Russia discusses Lukashenka’s visit

NAfter the Belarusian President Alexander Lukashenka, against whom a large part of the own population has been taking to the streets for weeks, Vladimir Putin paid his respects in Sochi, there is a discussion in Russia’s social networks about how long the Kremlin will continue to hold the beleaguered long-term ruler Wants to hold power. Political scientist Sergei Markov, loyal to Putin, rejoices on his Facebook page that Lukashenka understood in good time that his rocking course between Russia and the West was a wrong track and that he is now being saved by Russia. In Markov’s eyes, Lukashenka’s visit was a kind of return of the prodigal son and of truly biblical symbolism.

Most commentators are amused by the Belarusian president’s affectionate body language in front of his counterpart. Even Russian governors would not sit so obsequiously in front of Putin, tweeted the editor-in-chief of the opposition television channel “Doschd”, Tikhon Dsyadko. For blogger Andrej Perla, Lukashenka’s visit is similar to the ritual during the Mongol rule, when Russian rulers had to go to the great Khan to receive the Jarlyk symbol for their princely status. The parallel, which the opposition politician Leonid Gosman also emphasizes, is all the more piquant as Belarus historically never belonged to the catchment area of ​​the Golden Horde, but was at that time part of the Grand Duchy of Lithuania.

The Russian intelligentsia shows solidarity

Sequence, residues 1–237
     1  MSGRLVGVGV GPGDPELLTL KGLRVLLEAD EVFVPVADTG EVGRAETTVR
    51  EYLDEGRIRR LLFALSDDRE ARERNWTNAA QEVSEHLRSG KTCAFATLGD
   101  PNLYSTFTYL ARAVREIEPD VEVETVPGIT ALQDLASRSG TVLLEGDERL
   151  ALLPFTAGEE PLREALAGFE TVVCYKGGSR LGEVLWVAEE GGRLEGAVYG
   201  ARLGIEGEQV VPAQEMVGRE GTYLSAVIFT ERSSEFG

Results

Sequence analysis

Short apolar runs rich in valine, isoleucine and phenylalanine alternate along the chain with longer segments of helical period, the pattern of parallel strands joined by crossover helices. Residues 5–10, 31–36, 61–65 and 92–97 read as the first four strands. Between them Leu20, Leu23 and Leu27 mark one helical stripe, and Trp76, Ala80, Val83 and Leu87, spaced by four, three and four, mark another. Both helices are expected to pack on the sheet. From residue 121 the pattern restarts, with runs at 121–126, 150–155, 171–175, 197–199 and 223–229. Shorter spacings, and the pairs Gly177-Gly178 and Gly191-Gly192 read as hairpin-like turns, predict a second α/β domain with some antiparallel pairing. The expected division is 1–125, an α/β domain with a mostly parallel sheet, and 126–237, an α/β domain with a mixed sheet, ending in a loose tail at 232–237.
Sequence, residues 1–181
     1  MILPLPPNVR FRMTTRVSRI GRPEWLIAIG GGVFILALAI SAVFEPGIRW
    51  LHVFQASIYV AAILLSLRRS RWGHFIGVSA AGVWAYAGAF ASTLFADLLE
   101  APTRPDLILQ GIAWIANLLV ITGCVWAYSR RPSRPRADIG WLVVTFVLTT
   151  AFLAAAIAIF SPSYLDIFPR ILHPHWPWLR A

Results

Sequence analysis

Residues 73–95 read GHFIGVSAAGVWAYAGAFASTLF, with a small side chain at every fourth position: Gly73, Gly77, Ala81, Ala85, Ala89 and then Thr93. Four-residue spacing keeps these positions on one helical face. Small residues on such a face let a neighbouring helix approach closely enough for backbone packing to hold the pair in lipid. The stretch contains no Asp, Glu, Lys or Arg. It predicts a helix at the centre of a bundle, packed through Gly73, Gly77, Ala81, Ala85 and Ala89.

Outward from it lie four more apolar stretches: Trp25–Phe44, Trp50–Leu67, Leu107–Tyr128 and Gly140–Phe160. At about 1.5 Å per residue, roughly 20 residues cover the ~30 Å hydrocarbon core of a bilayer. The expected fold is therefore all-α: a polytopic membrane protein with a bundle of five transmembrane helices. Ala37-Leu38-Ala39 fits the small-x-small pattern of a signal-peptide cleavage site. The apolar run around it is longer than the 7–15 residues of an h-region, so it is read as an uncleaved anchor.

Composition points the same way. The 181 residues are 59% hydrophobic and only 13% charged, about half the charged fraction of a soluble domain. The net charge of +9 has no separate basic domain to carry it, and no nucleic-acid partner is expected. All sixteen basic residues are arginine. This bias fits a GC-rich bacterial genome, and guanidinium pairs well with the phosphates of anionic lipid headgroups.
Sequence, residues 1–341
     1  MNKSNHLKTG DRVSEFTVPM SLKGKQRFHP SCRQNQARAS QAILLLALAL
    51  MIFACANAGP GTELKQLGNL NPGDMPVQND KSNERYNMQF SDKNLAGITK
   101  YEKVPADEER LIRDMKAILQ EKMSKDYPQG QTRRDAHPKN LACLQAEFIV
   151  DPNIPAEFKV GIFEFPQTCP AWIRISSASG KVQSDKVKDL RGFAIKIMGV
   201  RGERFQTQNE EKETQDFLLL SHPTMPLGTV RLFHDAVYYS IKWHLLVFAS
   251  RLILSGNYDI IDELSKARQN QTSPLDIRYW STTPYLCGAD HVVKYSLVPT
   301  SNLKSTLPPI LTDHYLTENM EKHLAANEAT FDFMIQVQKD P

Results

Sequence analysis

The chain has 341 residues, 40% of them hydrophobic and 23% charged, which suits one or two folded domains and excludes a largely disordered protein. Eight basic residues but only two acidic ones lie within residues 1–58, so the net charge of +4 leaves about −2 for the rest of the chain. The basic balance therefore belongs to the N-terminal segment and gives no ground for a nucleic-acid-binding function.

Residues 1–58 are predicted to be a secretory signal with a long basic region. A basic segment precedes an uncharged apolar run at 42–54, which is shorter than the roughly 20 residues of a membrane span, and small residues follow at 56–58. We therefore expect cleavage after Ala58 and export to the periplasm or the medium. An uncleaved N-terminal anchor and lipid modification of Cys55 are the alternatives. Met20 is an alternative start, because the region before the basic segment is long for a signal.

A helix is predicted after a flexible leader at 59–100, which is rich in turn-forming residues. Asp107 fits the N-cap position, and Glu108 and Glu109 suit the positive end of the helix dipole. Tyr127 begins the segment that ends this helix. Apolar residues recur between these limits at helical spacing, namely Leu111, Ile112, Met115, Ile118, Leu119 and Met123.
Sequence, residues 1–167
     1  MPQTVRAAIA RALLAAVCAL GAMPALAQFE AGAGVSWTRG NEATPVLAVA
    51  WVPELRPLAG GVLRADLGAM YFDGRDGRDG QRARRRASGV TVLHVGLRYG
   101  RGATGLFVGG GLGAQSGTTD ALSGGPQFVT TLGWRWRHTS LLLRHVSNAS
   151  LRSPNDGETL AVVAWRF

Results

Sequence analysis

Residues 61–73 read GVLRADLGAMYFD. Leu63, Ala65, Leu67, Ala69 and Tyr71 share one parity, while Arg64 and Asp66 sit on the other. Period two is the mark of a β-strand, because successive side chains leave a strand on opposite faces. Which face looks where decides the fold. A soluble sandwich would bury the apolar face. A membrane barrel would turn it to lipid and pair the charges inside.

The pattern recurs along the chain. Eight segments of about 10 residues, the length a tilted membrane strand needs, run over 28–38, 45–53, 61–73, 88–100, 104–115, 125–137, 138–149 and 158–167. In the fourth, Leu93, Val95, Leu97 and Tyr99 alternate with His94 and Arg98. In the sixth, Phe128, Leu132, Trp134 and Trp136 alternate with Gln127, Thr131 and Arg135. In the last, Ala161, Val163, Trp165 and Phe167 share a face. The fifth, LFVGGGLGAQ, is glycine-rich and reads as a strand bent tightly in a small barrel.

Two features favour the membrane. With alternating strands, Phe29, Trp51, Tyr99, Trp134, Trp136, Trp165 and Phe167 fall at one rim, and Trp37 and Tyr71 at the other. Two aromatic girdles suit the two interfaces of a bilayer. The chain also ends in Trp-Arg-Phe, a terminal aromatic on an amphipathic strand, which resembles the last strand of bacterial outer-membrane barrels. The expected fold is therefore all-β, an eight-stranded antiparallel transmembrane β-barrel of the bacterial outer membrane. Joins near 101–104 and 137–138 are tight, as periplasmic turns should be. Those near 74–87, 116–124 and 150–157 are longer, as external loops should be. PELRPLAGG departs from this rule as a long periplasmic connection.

In Russia, numerous intellectuals have shown their solidarity with the Belarusians protesting against Lukashenka, the first being the writers Lyudmila Ulitskaja, Olga Sedakowa, Denis Dragunski, the theater director Konstantin Raikin, but also the actress Oksana Mysina, who is a hymn to intellectual strength, organization and the The beauty of the civil protests.

After the Belarusian Nobel laureate in literature Svetlana Alexievich, who is the only presidium member of the opposition coordination council still in Belarus and is free, asked the Russian intelligentsia to raise her voice, followed by several open letters condemning Lukashenka’s violent regime and Russia’s support for him. Among the signatories are the publisher Irina Prokhorova, the artist Nadezhda Tolokonnikova, the musician Vladimir Spivakov and dozens of others.

Europe’s “shredded” politics

Unfortunately, the many sympathizers are not organized and only have a few independent portals and social networks as a forum, says the satirist Viktor Shenderovich, whose grandparents came from Belarus. Schenderowitsch feels that official Russia, faced with the choice between Alexievich and Lukashenka, has opted for the tyrant is a shame for his country. Schenderowitsch also sees democracy in a crisis because rulers like Putin and Lukashenka have learned to use democratic instruments and to “win” elections. And Europe’s policy, which has been “shredded” through economic cooperation, only expresses its concern about it.

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